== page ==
Beach Managers and Operators of Untreated Aquatic Venues
- Share guidance on operating public beaches in accordance with CDC guidelines to prevent the spread of the virus that causes COVID-19.
- Tell beach managers to:
- Check out EPA’s online technical resources.
- Sign up for the Great Lakes Commission email group—known as Beachnet—to communicate and network with other beach managers across the country.
- Establish policies that allow employees to perform alternate duties that do not require entering the water if they have diarrhea or an open cut or wound that cannot be completely covered by a waterproof bandage.
Pool Supply Stores
- Recommend that stores display healthy and safe swimming communication materials, particularly those focused on pool chemical safety, in their stores and on their websites.
- Encourage providers to share healthy and safe swimming communication materials with their patients.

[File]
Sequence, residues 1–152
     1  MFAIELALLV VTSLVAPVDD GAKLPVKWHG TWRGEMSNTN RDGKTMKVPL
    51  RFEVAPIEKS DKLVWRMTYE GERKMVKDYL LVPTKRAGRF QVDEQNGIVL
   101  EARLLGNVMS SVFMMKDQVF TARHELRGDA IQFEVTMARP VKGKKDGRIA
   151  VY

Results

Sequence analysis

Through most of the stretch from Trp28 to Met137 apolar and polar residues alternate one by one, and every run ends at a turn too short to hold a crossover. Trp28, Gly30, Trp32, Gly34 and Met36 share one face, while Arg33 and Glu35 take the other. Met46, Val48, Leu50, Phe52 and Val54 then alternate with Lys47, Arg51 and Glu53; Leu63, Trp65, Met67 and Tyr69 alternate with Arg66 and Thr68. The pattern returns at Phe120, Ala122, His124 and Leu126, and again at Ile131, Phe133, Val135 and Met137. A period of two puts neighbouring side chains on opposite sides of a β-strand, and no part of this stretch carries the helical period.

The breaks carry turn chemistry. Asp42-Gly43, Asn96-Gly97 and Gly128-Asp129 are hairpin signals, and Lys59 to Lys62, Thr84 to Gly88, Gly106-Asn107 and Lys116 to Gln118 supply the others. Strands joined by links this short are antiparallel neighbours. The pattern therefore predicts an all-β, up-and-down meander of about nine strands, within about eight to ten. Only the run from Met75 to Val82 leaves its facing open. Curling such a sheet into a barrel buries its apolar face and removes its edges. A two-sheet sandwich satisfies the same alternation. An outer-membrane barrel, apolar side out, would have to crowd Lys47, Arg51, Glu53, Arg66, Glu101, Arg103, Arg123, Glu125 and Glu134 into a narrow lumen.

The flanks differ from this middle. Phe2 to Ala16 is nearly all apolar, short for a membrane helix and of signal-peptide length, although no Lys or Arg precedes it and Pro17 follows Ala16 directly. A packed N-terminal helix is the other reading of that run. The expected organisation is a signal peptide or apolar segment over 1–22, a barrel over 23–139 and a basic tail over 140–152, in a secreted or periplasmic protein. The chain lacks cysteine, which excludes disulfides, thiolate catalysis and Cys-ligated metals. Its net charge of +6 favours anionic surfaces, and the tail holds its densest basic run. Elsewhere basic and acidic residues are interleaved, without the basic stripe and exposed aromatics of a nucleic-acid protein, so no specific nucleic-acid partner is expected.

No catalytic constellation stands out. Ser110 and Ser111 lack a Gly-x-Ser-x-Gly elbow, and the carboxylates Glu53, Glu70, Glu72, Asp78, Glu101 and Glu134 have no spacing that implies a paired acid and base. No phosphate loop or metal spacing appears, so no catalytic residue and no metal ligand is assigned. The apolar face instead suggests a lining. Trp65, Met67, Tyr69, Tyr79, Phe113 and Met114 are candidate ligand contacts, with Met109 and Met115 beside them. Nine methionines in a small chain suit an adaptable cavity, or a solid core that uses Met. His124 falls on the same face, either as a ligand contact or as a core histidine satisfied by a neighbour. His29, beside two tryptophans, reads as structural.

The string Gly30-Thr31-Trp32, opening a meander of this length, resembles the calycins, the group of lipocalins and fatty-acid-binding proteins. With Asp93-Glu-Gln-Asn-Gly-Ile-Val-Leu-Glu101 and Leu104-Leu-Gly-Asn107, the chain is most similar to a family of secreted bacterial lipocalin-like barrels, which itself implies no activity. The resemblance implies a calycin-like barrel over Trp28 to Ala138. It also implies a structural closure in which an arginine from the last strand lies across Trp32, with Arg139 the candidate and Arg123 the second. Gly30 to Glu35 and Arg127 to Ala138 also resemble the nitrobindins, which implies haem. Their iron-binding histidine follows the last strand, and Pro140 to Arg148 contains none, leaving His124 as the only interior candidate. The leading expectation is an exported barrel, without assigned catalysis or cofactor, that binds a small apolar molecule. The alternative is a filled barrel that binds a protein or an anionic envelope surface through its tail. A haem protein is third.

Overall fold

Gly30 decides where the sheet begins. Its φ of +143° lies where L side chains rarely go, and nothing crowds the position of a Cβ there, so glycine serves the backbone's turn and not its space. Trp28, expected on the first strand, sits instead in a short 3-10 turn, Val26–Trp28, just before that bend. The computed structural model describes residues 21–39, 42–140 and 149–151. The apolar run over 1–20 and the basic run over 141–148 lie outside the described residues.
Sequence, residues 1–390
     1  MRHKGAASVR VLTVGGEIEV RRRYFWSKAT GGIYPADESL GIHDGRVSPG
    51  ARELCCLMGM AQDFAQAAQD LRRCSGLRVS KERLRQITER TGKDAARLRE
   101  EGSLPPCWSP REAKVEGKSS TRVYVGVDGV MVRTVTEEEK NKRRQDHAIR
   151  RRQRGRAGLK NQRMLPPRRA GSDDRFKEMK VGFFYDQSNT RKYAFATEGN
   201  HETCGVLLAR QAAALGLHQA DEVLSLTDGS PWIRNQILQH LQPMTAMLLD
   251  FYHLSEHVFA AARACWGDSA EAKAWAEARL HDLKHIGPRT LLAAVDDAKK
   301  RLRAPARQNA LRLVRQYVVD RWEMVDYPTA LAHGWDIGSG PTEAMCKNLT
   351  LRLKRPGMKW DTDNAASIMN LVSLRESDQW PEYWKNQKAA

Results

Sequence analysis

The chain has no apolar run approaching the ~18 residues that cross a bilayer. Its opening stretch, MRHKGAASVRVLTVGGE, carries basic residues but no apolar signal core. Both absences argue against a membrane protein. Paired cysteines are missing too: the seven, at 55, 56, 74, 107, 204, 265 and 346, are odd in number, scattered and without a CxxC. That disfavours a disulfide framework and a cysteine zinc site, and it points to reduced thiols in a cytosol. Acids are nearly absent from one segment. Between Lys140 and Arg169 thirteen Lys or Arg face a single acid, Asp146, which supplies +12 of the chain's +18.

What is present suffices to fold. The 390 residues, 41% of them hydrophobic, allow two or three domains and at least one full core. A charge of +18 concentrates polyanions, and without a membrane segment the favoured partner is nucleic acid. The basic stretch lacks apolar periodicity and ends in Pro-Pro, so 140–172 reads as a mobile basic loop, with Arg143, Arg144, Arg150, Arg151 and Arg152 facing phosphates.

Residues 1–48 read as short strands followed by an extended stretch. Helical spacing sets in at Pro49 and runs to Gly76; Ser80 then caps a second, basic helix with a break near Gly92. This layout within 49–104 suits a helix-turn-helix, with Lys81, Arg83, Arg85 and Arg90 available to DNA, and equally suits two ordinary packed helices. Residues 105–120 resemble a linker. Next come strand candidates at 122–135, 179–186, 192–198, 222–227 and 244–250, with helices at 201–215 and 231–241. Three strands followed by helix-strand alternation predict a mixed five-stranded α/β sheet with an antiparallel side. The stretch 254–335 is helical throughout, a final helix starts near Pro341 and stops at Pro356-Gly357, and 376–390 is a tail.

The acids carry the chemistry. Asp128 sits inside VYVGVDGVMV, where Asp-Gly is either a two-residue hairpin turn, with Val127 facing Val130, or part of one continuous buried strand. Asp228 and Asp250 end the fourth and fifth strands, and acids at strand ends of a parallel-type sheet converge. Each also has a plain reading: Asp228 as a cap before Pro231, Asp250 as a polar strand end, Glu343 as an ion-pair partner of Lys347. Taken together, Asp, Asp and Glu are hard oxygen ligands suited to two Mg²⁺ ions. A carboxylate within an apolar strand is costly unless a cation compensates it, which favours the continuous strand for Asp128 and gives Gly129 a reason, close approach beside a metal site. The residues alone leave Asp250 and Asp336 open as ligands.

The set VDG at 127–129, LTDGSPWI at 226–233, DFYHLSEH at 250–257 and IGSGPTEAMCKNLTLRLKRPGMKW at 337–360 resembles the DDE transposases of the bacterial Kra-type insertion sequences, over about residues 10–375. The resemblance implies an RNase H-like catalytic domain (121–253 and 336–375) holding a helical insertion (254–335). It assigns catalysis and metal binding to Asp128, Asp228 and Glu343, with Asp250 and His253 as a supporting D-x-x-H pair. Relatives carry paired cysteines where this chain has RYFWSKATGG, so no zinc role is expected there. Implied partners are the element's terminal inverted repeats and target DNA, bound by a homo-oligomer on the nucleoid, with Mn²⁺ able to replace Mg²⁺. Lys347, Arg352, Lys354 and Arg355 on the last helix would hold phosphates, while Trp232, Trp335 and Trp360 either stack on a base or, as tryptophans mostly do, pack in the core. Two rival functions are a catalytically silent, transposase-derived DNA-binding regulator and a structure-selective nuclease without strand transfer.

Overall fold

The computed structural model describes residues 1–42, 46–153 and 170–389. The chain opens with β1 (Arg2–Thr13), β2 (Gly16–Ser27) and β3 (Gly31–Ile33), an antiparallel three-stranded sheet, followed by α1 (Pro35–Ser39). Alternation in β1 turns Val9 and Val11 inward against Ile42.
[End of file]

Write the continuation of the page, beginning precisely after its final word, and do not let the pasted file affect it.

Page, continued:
- Engage your local chapter of the American Academy of Pediatrics or other organizations for healthcare professionals.
- Create fact sheets for community leaders (such as program administrators, boards of health, and elected officials) detailing specifics about your agency’s Healthy and Safe Swimming Week efforts.
- Splash pad jets can rinse germs found in poop off butts.
- Don’t sit or stand on the jets.
- Don’t swallow splash pad water.
Swallowing the water with those germs can make you sick. Chlorine doesn’t kill germs instantly. Learn more: https://go.usa.gov/xzKtg #HealthySwimming
- Don’t swallow splash pad water. Did you know that it can take chlorine minutes—and sometimes even days—to kill germs in splash pad water? Swallowing water with germs can cause diarrhea or vomiting. Learn more: https://go.usa.gov/xzKtg #HealthySwimming